The next time a Navy recruiter calls you and asks, “If your life was a book, would anyone read it?” refer him to the third spot on the New York Times bestseller list. As you may know, Tom Wolfe—a realist fictioneer and former Duke parent—just produced a novel about a university with lush gardens, quarantined freshmen, abutting slums, Gothic spires and basketball monomania. Judging from the hack reviews it inspired, Dr. Wolfe appears to have pinched the nipple of truth way too hard and got the liberals squealing. But by having done years of field research, he has more credibility than his so-called “factual” critics. After reading I Am Charlotte Simmons, many of you will agree that he has produced an honest—and riveting—rendition of undergraduate life.
He attacks the practice of “hooking up” with particular vehemence. In the novel and in his Duke commencement address a few years ago he laments the way in which the sexual revolution has transformed traditional undergraduate courtship into a sexual “carnival.” Moreover, his fiction insinuates that women carry the psychological burden of hooking-up disproportionately, and his commencement address suggests that advances in neuroscience have contributed to this moral decline by making us think that we are mammals and ought to be held to no higher moral standards.
He has a point. Mainstream American culture encourages female promiscuity like seldom before. Last year, a female Chronicle columnist urged girls to go out and aggressively lay men, provoking an entertaining response from the usual God-fearing fearmongers. This behavior is of course possible, but is not a good way of furthering the noble project of women’s equality because some of the sexual limits that have been “imposed” on women by “society” are actually biological.
Evidence for this has been found in a sexually liberated country—England—in a 1990-1991 survey of 18,876 men and women that showed that women are twice as likely as men to have had only one sexual partner, and that 24.4 percent of all men had enjoyed 10 or more sexual partners while only 6.8 percent of women had done the same, and this general trend is conserved cross-culturally (Badcock 2000). Moreover—for those of you inclined to cite social repression—women are more disposed to have “contextual, emotive, intimate and passive” fantasies as opposed to males who have “specifically sexual, promiscuous, and active fantasies,” and female homosexuals are generally less promiscuous than male homosexuals (B.J. Ellis and Symons 1997 reported in Badcock 2000).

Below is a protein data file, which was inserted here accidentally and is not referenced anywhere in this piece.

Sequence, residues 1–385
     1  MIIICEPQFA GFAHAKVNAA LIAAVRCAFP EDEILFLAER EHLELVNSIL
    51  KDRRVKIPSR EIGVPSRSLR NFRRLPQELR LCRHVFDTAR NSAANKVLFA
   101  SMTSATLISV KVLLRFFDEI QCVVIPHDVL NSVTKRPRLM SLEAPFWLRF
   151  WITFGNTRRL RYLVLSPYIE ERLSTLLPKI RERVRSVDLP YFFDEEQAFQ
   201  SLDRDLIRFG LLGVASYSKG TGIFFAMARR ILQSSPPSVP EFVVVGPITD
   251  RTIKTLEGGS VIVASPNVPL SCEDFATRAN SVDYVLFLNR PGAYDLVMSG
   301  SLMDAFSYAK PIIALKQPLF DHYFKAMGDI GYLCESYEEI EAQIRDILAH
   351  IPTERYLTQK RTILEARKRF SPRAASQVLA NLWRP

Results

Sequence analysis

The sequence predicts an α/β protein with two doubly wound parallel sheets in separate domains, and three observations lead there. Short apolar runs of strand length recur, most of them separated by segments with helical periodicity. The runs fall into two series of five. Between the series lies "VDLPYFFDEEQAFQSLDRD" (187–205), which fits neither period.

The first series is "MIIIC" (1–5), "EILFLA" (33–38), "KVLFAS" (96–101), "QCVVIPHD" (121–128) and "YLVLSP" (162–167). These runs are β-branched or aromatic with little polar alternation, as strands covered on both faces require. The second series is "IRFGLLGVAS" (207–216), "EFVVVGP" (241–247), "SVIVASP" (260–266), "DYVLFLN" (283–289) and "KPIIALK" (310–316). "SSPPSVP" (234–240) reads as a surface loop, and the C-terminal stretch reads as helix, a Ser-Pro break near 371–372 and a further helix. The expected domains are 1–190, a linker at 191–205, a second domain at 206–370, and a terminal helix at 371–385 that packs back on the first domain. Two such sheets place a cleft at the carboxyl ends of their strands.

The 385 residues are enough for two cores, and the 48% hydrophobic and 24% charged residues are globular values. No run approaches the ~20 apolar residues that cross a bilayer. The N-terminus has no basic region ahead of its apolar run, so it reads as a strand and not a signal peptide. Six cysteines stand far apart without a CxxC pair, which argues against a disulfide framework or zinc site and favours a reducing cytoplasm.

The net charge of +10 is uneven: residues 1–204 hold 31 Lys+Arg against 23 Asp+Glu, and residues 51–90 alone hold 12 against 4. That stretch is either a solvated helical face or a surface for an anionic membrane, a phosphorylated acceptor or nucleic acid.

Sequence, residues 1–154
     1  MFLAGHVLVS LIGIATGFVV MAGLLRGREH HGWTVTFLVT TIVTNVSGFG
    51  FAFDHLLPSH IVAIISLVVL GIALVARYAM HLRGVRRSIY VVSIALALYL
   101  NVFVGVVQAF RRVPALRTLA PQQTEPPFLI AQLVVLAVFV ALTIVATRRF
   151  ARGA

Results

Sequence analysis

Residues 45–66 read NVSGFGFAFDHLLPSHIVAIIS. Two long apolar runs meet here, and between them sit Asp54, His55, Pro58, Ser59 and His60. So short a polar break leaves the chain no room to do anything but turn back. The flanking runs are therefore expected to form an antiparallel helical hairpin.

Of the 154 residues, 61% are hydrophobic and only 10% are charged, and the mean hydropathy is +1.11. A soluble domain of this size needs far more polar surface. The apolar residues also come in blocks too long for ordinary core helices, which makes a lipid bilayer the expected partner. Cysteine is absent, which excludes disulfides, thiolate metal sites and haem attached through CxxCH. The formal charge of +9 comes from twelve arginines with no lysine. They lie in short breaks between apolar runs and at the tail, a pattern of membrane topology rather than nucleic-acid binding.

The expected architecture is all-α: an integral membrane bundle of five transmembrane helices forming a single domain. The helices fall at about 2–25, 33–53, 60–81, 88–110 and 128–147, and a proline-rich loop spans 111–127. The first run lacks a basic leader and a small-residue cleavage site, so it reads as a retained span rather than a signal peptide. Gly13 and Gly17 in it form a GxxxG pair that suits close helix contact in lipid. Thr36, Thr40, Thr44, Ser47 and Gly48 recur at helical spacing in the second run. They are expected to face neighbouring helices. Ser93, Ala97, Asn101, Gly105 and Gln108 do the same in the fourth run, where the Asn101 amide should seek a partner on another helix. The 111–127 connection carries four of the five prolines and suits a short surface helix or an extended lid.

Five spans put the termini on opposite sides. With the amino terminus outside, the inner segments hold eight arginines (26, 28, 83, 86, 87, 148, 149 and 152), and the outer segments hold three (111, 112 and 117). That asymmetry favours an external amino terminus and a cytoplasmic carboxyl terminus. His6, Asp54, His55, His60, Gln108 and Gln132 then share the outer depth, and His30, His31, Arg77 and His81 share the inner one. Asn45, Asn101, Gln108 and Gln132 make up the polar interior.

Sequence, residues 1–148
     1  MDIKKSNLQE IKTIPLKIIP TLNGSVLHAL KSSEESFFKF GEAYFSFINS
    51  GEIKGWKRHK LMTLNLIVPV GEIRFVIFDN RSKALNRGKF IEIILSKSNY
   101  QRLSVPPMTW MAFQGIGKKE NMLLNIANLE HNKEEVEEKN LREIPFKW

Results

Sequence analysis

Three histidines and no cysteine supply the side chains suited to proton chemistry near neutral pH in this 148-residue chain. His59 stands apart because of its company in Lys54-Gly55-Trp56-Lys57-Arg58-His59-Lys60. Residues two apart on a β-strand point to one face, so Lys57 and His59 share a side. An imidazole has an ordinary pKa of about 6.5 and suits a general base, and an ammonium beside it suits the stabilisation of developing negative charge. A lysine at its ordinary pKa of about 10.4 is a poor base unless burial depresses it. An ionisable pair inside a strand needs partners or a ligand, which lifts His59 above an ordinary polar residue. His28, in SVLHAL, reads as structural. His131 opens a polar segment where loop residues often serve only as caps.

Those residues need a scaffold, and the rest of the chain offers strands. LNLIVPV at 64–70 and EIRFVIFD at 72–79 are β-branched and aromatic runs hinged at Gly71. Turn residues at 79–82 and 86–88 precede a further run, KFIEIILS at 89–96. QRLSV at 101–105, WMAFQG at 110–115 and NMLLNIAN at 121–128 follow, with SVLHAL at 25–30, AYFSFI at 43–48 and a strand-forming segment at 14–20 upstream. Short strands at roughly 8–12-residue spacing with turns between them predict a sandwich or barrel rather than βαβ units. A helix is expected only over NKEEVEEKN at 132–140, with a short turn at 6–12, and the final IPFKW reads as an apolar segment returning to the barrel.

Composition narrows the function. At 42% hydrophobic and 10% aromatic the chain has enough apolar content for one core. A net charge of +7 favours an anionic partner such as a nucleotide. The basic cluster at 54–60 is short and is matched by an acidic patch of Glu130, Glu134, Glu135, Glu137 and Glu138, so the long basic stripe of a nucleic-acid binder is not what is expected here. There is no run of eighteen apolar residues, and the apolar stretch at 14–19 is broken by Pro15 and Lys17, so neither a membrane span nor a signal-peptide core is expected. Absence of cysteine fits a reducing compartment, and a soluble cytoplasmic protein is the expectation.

Because nature built women to place mate quality before quantity, it is reasonable to suggest that women who adhere to an unnaturally promiscuous sexual strategy may be gambling with their psychological health. This is not sexist; it’s honest. Disregarding our biological design constraints is a bad idea, which is why one of the recommendations of the Women’s Initiative was to encourage a “dating culture” at Duke. This, after all, seems to be the equilibrium arrangement for humans.
Wolfe’s protagonist, Charlotte, is tormented by her conscience after having the “dust knocked off her hillbilly beaver” casually by a notorious Dupont frat boy. When conscience speaks, we should listen. Ernest Hemingway sums it up: “What is moral is what you feel good after.” Offhandedly, he captures the essence of sexual ethics. You don’t need the 100,000 counterfactual religious systems that have appeared over the span of human history to tell you what is moral and what isn’t: nature has given you highly bioengineered brain that spits out certain chemicals to reward or penalize you for different behaviors, and the vast majority of you will know from how you feel if you have done the right thing or not. Faith exists because it gives its members an existential kick in the ass and an amorphous “purpose” (which all too often includes slaughter and territorial expansion), and is always bad because it compels conviction without evidence.
This is one of the few things Wolfe misses—that neuroscience and evolutionary biology are not responsible for destroying morality and making us rut like beasts of the field. Quite the opposite; their advancement will help us complete the picture of human nature and discover the moral principles that will assist people—including sexually confused undergraduates—make the choices most conducive to their happiness and the good of society.
Matt Gillum is a Trinity senior.
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